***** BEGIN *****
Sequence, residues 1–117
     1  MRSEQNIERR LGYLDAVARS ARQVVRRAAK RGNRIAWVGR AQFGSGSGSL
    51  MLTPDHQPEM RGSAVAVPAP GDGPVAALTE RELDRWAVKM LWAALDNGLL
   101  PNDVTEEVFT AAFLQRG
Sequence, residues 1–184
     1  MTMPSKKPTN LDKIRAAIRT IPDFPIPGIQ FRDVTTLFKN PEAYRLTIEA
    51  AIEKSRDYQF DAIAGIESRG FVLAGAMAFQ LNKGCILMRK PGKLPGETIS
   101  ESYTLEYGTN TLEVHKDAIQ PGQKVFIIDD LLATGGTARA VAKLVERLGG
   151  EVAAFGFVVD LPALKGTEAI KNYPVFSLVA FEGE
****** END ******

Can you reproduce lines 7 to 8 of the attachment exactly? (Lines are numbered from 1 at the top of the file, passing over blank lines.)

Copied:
    51  AIEKSRDYQF DAIAGIESRG FVLAGAMAFQ LNKGCILMRK PGKLPGETIS
   101  ESYTLEYGTN TLEVHKDAIQ PGQKVFIIDD LLATGGTARA VAKLVERLGG